This section of the Colorado River is relatively remote and can only be accessed by boat from either end. Fishing is expected to be good to excellent for flathead catfish with sizes over 40 pounds. The best time will be late spring and on into the summer (the hotter the better). The various backwaters will be good for largemouth bass and other sunfish (bluegill and redear). Other species available in the main river are smallmouth bass, channel catfish, and striped bass.

This section of the Colorado River all the way down to Yuma is where invasive species known as Giant Salvinia is located as well as quagga mussels. If using a boat make, sure the boat, live wells, engines, and trailer is clean before leaving the area. The last thing that we want to have happen is the movement of invasive species to other waters.

Colorado River (between Picacho State Park and Imperial Dam):

This area is expected to be good to excellent for largemouth bass, channel catfish, and flathead catfish. Bass and channel catfish in excess of 5 pounds are present along with flathead catfish as large as 40 pounds. Other sunfish such as bluegill and redear are also present in the various backwaters as well as an occasional striped bass will be caught in the backwaters and main river channel.

This section of the Colorado River all the way down to Yuma is where invasive species known as Giant Salvinia is located as well as quagga mussels. If using a boat make, sure the boat, live wells, engines, and trailer is clean before leaving the area. The last thing that we want to have happen is the movement of invasive species to other waters.

Colorado River (between Laguna and Morelos dams):

This area will be good for largemouth bass and flathead catfish. Bass in excess of 5 pounds is common and flathead catfish over 20 pounds is a good bet. In this area accessibility to the river is dependent on the amount of water being released. Usually shallow draft boats are a must. The lower end has had some dredging work done and the larger boat will be able to get on the river in that area.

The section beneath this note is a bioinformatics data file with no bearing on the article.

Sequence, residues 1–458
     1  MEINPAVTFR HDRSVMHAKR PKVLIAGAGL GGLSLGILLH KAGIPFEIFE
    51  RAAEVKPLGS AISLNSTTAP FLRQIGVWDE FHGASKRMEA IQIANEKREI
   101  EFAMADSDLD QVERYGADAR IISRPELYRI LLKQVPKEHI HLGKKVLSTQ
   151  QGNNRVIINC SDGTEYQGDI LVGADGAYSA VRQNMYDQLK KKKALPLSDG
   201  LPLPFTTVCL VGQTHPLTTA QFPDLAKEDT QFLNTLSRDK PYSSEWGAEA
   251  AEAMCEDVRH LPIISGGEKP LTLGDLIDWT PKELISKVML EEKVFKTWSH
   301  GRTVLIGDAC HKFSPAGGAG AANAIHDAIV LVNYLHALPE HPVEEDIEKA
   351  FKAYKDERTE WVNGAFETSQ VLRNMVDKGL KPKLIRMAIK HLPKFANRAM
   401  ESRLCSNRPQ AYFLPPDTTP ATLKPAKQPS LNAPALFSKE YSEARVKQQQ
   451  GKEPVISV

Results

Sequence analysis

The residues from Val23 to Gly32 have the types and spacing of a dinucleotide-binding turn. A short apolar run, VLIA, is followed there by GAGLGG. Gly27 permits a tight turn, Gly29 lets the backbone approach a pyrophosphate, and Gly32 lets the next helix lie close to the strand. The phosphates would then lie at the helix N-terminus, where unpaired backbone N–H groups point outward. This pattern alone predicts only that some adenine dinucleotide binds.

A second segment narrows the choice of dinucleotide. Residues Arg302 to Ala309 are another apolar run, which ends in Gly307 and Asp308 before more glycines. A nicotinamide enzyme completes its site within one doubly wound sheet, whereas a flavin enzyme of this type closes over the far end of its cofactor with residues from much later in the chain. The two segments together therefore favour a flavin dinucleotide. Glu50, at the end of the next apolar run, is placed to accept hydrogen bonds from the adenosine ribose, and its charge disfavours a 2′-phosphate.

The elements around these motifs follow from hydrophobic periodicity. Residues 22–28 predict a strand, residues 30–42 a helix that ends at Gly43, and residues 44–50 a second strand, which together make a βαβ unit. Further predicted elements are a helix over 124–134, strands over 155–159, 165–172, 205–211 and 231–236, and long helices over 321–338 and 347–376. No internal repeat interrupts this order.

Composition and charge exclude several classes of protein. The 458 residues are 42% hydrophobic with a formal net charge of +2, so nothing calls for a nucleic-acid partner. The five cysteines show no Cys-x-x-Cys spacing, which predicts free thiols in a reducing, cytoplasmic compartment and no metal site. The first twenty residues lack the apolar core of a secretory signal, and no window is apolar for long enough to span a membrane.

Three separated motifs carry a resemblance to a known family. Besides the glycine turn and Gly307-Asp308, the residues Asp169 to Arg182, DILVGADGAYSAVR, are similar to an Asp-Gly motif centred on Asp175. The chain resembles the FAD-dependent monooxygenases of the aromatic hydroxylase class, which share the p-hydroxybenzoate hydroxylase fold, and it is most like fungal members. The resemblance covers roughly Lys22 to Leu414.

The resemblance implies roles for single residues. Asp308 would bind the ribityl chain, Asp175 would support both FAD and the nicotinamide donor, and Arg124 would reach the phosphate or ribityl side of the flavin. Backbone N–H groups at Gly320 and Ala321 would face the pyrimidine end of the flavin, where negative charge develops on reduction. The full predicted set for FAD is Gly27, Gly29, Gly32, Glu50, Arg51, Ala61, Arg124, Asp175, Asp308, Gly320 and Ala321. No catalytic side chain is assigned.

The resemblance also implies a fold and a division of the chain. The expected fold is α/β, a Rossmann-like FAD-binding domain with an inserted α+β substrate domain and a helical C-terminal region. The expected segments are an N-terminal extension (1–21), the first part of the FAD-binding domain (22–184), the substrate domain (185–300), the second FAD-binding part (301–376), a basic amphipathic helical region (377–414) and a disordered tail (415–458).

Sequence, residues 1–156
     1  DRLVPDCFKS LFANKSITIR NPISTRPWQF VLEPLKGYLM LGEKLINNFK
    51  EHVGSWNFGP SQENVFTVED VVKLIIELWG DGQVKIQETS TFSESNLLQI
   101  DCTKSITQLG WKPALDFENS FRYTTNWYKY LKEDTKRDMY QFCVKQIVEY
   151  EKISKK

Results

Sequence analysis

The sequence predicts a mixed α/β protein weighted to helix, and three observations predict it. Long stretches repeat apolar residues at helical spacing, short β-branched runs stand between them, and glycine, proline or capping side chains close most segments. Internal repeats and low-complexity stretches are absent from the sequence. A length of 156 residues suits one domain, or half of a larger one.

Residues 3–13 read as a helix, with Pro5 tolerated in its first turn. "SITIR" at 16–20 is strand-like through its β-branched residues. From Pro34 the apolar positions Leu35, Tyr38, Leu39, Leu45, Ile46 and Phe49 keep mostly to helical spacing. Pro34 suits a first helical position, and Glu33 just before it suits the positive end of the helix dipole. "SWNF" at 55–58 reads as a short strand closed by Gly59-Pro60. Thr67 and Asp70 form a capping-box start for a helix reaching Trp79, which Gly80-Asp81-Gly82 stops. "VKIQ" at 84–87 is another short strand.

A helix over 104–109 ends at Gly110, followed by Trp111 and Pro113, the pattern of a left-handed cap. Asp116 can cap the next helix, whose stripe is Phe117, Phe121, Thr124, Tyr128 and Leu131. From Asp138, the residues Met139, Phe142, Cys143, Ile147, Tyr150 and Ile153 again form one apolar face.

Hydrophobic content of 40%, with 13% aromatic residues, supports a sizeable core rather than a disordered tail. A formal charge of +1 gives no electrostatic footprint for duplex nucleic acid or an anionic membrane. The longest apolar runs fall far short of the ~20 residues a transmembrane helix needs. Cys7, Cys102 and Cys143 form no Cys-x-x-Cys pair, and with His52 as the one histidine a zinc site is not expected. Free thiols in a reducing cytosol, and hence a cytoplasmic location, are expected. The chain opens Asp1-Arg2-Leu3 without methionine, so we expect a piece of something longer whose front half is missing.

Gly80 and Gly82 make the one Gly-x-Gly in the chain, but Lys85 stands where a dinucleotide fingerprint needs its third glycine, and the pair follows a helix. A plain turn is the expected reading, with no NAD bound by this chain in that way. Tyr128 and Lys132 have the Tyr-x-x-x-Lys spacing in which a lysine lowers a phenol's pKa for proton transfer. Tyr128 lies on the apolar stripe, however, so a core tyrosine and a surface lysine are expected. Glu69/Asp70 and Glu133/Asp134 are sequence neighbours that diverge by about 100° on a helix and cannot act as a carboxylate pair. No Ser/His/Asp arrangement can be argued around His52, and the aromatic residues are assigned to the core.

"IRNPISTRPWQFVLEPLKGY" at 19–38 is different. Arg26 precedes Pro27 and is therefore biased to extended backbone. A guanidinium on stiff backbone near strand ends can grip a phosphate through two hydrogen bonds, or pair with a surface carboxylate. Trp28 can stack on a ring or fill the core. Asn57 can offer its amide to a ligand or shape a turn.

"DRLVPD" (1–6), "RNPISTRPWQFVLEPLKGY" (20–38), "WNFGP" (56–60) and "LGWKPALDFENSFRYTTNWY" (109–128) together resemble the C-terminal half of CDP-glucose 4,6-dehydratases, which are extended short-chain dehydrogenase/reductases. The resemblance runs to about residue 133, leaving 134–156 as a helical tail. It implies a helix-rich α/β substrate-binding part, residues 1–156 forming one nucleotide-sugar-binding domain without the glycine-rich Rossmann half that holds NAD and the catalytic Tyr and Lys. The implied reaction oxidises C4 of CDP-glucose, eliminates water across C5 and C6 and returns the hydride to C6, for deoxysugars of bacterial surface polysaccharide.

This section of the Colorado River all the way down to Yuma is where invasive species known as Giant Salvinia is located as well as quagga mussels. If using a boat make, sure the boat, live wells, engines, and trailer is clean before leaving the area. The last thing that we want to have happen is the movement of invasive species to other waters.

With the increase in border issues and illegal activity on the lower end of this area I would away from that area (Pilot Knob to Moreles Dam).


Regional Hot Spots:

Alamo Lake will be the hot spot for largemouth bass, crappie and channel catfish. Since there appears to be more fish in the lake at the present time, I recommend keeping as many of the smaller bass as you can legally possess in order to try and reduce the population a little.

Next choice would be Lake Havasu for striped bass, Parker Strip for smallmouth bass and redear sunfish, and the Colorado River below Walter’s Camp for flathead catfish.

If you need any additional information or additional don’t hesitate to contact the Yuma Regional office at (928) 341-4051 and I will be happy to accommodate you.